Manitoba

Province may appoint new planning authority to oversee development in Winnipeg and area

Manitoba may appoint a new planning authority to oversee development in Winnipeg and its neighbouring municipalities — but still leave some planning powers in the hands of the city.

'We have a fragmented planning process,' Premier Brian Pallister tells Winnipeg Metropolitan Region audience

Manitoba Premier Brian Pallister says regional planning is fragmented in the Winnipeg area. (Tyson Koschik/CBC)

Manitoba may appoint a new planning authority to oversee development in Winnipeg and its neighbouring municipalities — but still leave some planning powers in the hands of the city.

The Winnipeg Metropolitan Region — an organization made up of the city and 17 surrounding municipalities — unveiled a report Thursday that recommended the province appoint a metro-area regional planning authority "to ensure the tenets of a regional growth management and servicing plan are enforced."

The report, authored by Edmonton consultant Robert Murray, follows the spring release of a Progressive Conservative government report that described the City of Winnipeg's planning, property and development department as dysfunctional.

Premier Brian Pallister immediately endorsed the idea of a regional planning authority, telling an audience of political leaders, planners and developers at the release of the report that existing planning practices are driving business away from Manitoba.

"We have a fragmented planning process," Pallister said after the report was released at the Metropolitan Theatre over the lunch hour Thursday.

Winnipeg's mayor, several city councillors and representatives from neighbouring municipalities were in attendance.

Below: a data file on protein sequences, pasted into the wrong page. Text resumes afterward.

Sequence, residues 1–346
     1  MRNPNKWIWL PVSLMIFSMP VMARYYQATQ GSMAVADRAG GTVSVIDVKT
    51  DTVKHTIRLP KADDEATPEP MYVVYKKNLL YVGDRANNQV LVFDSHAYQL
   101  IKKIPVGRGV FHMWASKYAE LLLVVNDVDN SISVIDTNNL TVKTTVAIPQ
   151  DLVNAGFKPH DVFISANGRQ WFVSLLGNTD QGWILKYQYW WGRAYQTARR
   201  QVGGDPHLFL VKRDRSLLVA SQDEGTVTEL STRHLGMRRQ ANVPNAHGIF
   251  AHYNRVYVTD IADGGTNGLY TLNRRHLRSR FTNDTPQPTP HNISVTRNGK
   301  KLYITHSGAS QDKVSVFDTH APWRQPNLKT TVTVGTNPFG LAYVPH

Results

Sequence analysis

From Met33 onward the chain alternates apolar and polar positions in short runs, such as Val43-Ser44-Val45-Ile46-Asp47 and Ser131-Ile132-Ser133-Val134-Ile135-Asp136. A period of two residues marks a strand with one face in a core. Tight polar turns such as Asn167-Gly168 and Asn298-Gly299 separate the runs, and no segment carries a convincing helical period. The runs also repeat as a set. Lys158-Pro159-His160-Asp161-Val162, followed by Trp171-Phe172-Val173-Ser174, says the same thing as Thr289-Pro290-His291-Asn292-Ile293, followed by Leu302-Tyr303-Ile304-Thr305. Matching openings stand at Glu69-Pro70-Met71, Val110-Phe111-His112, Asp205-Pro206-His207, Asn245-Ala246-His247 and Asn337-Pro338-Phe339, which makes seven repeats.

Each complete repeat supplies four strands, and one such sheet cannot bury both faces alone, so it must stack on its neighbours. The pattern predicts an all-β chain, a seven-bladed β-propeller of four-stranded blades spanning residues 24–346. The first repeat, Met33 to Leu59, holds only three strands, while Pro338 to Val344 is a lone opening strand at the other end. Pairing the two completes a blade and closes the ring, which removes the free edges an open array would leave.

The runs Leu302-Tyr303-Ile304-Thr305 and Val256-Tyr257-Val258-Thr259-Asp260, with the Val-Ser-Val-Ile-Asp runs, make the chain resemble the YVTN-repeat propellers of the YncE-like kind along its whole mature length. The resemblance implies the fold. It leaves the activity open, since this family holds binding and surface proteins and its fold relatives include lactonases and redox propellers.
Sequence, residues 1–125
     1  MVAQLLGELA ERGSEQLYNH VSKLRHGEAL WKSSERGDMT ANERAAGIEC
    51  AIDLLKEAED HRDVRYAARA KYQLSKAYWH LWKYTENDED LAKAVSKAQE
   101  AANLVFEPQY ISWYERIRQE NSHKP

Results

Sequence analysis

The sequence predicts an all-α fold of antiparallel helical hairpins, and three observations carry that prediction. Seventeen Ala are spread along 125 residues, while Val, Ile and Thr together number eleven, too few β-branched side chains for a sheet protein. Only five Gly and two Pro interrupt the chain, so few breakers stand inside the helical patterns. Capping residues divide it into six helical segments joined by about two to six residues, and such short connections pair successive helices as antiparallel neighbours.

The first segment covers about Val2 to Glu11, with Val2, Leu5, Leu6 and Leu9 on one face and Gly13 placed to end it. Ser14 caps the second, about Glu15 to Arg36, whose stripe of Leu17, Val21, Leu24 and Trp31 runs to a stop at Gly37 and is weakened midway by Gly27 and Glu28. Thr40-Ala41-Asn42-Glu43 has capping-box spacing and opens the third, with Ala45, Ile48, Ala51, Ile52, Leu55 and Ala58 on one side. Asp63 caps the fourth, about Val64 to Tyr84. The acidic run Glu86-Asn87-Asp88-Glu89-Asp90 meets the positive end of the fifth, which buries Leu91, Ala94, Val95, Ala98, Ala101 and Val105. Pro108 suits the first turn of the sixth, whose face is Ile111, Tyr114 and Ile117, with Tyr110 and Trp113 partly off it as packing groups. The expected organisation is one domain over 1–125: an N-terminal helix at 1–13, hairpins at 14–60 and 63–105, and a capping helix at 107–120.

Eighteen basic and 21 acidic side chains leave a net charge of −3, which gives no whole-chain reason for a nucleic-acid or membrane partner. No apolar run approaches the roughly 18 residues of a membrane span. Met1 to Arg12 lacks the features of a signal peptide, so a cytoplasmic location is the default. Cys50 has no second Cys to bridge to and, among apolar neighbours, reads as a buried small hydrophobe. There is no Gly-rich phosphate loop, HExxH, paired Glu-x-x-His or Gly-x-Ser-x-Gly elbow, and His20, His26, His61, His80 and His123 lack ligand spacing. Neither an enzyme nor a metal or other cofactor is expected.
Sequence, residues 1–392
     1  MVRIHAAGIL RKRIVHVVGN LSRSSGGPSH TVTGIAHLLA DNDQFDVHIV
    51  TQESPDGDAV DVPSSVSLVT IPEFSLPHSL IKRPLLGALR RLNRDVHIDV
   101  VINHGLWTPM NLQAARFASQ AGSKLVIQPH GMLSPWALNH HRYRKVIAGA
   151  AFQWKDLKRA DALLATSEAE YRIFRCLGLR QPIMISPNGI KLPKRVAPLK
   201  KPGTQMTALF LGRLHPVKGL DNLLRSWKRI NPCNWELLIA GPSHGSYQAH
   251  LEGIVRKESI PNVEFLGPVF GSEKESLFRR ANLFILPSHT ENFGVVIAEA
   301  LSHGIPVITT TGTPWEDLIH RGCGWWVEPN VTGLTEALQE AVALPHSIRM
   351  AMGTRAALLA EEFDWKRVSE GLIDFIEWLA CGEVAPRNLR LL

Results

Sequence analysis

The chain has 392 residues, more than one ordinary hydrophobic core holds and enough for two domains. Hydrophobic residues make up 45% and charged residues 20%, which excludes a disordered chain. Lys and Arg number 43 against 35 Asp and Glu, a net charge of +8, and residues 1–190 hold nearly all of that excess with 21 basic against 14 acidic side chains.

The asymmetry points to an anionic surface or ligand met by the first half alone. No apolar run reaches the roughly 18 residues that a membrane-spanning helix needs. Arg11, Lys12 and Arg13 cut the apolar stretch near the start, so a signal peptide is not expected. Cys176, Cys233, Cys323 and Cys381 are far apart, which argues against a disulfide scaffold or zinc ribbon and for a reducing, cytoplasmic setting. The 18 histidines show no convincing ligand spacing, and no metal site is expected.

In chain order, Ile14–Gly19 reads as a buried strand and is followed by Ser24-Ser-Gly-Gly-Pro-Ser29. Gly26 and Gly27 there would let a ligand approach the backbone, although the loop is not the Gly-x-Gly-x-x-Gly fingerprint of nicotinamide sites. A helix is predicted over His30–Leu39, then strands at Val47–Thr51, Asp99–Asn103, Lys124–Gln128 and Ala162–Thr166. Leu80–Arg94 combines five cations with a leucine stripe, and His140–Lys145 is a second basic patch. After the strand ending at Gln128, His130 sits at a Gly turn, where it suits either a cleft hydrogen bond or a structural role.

Mayor Brian Bowman, who dismissed the internal provincial report last spring as anonymous complaints from developers, said he's more pleased with the process behind this new report.

Bowman expressed optimism a new regional planning authority will benefit the city and its neighbours.

"If it makes sense for the citizens and the businesses we collectively serve, then we should be open to new processes and new ideas," Bowman said.

Pallister said a new planning authority is not a step toward allowing Winnipeg to swallow up its neighbours, the way the city did in 1972, when 11 other municipalities merged with the city.

"These actions are not about amalgamation," the premier said.

(CBC News Graphics)

Addressing the same audience, consultant Murray said the city and its neighbours must speed up the way it approves developments, or see businesses run away to other provinces or regions.

"Regional planning processes must be depoliticized," he said. "There is no better time than now. The economy will not wait for you.

"Silos and fiefdoms will not serve you in the long run."

Murray said the new planning authority would not replace all existing city planning functions. It would only handle plans that would affect transportation, development or servicing for the whole area.

In his report, he suggested municipalities may be wary of the new planning authority.

"Many stakeholders voice a fear of losing autonomy due to provincial interference in local planning processes or potential municipal amalgamation," he wrote.

Bowman, however, shrugged off the idea the city will lose control over decision-making, noting he's been assured Manitoba won't make the same mistakes other provinces have made with regional planning authorities.

The Winnipeg Metropolitan Region, which was established in 1998, has up until now achieved relatively little success in co-ordinating regional planning and growth. That changed when Manitoba's Progressive Conservative government granted the body more power to pursue economic-development goals.

Pallister did not put a time frame on a new planning authority, but suggested the province won't wait indefinitely for municipalities to sign off on the idea.

"Other jurisdictions are getting ahead of us and that can't be allowed to continue," the premier said.

Manitoba may appoint a new planning authority to oversee development in Winnipeg and its neighbouring municipalities — but still leave some planning powers in the hands of the city. 1:38

Comments

To encourage thoughtful and respectful conversations, first and last names will appear with each submission to CBC/Radio-Canada's online communities (except in children and youth-oriented communities). Pseudonyms will no longer be permitted.

By submitting a comment, you accept that CBC has the right to reproduce and publish that comment in whole or in part, in any manner CBC chooses. Please note that CBC does not endorse the opinions expressed in comments. Comments on this story are moderated according to our Submission Guidelines. Comments are welcome while open. We reserve the right to close comments at any time.